Laura Seago '09

A Mindful Approach to Chronic Pain


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Laura Seago ’09 first encountered chronic pain during her senior year at Notre Dame after she suffered an injury while training for a half marathon. Her knees locked up and she limped home in tears.

She struggled with it again after swapping long runs for spin class. Her new fitness routine was fine until she began experiencing sciatica, a shooting nerve pain that coursed through her lower back and legs.

And she suffered through it yet again when the migraines began. They meant 48 hours at a time in a dark room nauseous and crying, experimenting with muscle relaxers and mouth guards, and taking up to 12 Ibuprofen a day or trying $30 migraine pills that did nothing to blunt the pain.

It was then that Seago got in touch with a doctor who specializes in mind-body pain connection and tried his discussion group. And to her surprise, the techniques she learned there actually worked. She learned to keep her migraines at bay, and she could once again run or bike as much as she wanted without hurting.

The experience changed her life—and the course of her career. Seago and two friends who’d had similar experiences co-founded Curable, an online mind-body therapy program that treats chronic pain. Having suffered and recovered herself, she’s passionate about building a business that can help other people in similar situations.

“In six weeks, without any sort of pills or surgery or medical intervention of any kind, I completely got rid of all my chronic pains,” Seago says. “It has really changed my life, and so of course the immediate reaction when something like this happens to you is, ‘why don’t more people know about this? Why didn’t I find out about this sooner? Why did I have to suffer for so long before someone told me this was an option?’”

Bringing Expertise to a Larger Audience

Seago is quick to point out that she and her Curable co-founders—CEO John Gribbin and Head of Tech Erich Luedtke—aren’t devising techniques to manage pain. They’re not doctors, and they don’t claim a high degree of medical expertise.

What they are doing, Seago says, is taking the know-how of various pain management experts and applying it in layman’s terms to reach a larger audience. Curable's scientific advisory board includes physicians and professionals working in a variety of fields, including orthopedics, sports medicine, physical therapy, pain psychology, and neuroscience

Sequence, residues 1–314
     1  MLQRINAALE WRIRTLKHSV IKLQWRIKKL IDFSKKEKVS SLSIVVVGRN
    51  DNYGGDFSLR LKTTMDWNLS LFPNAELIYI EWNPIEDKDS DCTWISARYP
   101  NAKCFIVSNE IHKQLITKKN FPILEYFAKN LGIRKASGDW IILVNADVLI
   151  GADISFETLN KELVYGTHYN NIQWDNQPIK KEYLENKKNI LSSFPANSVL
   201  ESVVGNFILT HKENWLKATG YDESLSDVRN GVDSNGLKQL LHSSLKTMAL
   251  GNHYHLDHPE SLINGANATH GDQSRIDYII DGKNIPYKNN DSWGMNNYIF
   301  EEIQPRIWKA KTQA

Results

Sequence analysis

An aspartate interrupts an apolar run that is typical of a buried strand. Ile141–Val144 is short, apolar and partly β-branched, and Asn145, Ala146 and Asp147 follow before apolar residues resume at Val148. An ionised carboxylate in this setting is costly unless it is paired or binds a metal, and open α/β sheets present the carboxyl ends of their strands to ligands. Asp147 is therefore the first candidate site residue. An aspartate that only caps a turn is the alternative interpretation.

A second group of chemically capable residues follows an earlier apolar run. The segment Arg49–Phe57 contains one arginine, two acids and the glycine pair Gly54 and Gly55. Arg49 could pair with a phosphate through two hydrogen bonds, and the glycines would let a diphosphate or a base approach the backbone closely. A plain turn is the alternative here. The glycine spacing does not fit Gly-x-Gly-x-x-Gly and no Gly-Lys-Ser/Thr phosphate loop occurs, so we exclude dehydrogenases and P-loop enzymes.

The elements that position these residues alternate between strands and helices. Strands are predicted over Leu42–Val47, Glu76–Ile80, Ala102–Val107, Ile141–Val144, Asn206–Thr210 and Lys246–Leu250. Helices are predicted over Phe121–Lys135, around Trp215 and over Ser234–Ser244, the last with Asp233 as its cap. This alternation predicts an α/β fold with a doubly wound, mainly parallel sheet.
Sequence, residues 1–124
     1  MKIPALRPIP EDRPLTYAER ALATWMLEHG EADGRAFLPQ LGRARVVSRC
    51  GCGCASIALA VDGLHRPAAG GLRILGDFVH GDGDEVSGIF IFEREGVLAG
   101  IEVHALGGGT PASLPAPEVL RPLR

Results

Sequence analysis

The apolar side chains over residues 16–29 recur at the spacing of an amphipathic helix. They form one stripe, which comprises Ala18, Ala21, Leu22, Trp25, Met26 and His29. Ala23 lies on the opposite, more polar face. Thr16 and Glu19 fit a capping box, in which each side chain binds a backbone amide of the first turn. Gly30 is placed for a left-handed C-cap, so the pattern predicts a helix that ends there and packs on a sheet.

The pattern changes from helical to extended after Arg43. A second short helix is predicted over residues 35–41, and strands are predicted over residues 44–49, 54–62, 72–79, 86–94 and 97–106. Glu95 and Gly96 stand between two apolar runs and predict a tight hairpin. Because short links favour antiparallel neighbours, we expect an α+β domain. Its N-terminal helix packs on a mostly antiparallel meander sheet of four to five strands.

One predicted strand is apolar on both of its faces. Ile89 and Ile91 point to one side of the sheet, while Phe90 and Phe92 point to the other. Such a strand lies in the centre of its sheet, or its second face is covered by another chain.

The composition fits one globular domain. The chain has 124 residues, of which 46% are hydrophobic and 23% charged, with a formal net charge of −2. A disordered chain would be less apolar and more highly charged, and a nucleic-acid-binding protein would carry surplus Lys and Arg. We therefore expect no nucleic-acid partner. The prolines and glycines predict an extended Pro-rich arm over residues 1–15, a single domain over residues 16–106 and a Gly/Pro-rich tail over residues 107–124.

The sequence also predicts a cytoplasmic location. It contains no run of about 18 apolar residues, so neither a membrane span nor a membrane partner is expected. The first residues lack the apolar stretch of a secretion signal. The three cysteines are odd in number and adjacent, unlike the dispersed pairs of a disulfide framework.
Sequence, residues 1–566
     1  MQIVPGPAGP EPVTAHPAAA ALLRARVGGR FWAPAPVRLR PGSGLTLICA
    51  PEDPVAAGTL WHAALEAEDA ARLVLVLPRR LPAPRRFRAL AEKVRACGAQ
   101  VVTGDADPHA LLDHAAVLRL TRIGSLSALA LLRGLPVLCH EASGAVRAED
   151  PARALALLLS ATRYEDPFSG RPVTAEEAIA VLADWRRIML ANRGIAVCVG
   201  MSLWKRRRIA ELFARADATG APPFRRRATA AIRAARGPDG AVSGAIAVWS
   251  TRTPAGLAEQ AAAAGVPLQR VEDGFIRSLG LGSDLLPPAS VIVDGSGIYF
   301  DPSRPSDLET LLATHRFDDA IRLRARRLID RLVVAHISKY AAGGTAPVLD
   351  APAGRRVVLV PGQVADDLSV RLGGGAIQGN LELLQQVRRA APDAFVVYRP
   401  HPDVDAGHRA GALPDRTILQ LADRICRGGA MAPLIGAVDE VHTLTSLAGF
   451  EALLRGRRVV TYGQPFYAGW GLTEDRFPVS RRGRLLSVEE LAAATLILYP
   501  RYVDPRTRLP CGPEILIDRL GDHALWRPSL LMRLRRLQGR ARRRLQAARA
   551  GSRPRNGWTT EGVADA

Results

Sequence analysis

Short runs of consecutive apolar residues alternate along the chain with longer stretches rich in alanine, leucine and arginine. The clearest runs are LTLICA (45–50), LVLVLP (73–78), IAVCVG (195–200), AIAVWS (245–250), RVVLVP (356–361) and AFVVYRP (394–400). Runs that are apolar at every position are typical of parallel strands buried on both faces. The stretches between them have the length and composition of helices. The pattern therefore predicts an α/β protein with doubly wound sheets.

“No one had tried to apply marketing and technology skills to this area,” she says. “It was mostly just doctors talking to each other. So we said, we have a different perspective, a different skill set to add to this. There’s no reason we can’t use our skills to scale this and make it more affordable to a larger number of people.”

Addressing Pain from Every Angle

There isn’t one successful approach to treating chronic pain, Seago says. What works for one person might not do much for another. But it all starts with a holistic look at what’s going on in a person’s life.

“We use a bio-pyscho-social approach, which means addressing pain from every angle—tying together what’s happening in your brain, what’s happening in your body, and what’s happening in your life to get this full picture of what’s causing your symptoms and how to relieve them,” she says.

That’s where technology comes in. Clara, Curable’s chatbot, is available on the company’s website and in its app. It asks visitors a few questions about the pain they’re experiencing and starts them off with a free tutorial on pain science. After that, people can decide whether they want to sign up for a paid subscription, which unlocks a variety of exercises that include guided meditations, visualizations, expressive writing, and cognitive behavioral therapy techniques.

“There is definitely merit to each of these techniques individually, but they are much more powerful when they are combined and when they are all directed toward this one goal,” Seago says. “They’re all reinforcing each other, they’re all amplifying each other, they’re all helping you along this journey. We try to expose people to everything and let them dive deeper into what is working for them. Our goal has been to create something that is actually going to work for people.”

Making a Difference

Curable surveys its users to gauge how its offerings work for them. And the results so far are encouraging. After 30 days, about 70 percent report at least some relief from pain, and about 30 percent say their pain is either much better or completely gone.

As the United States navigates a deadly opioid epidemic and doctors increasingly recognize the dangers of over-prescribing pain medication, Seago says she finds it encouraging to help connect people with safe alternatives that can help them manage or eliminate their pain.

“It is not only very satisfying, but also very emotional,” she says. “When you know exactly what an impact it is to feel that burden of chronic pain lifted from your life and you can watch someone else experience that, there’s nothing else like it. It keeps you going. I believe people when they tell us, ‘You gave me my life back,’ because I remember being there.”

To learn more about the work Curable does to address chronic pain, visit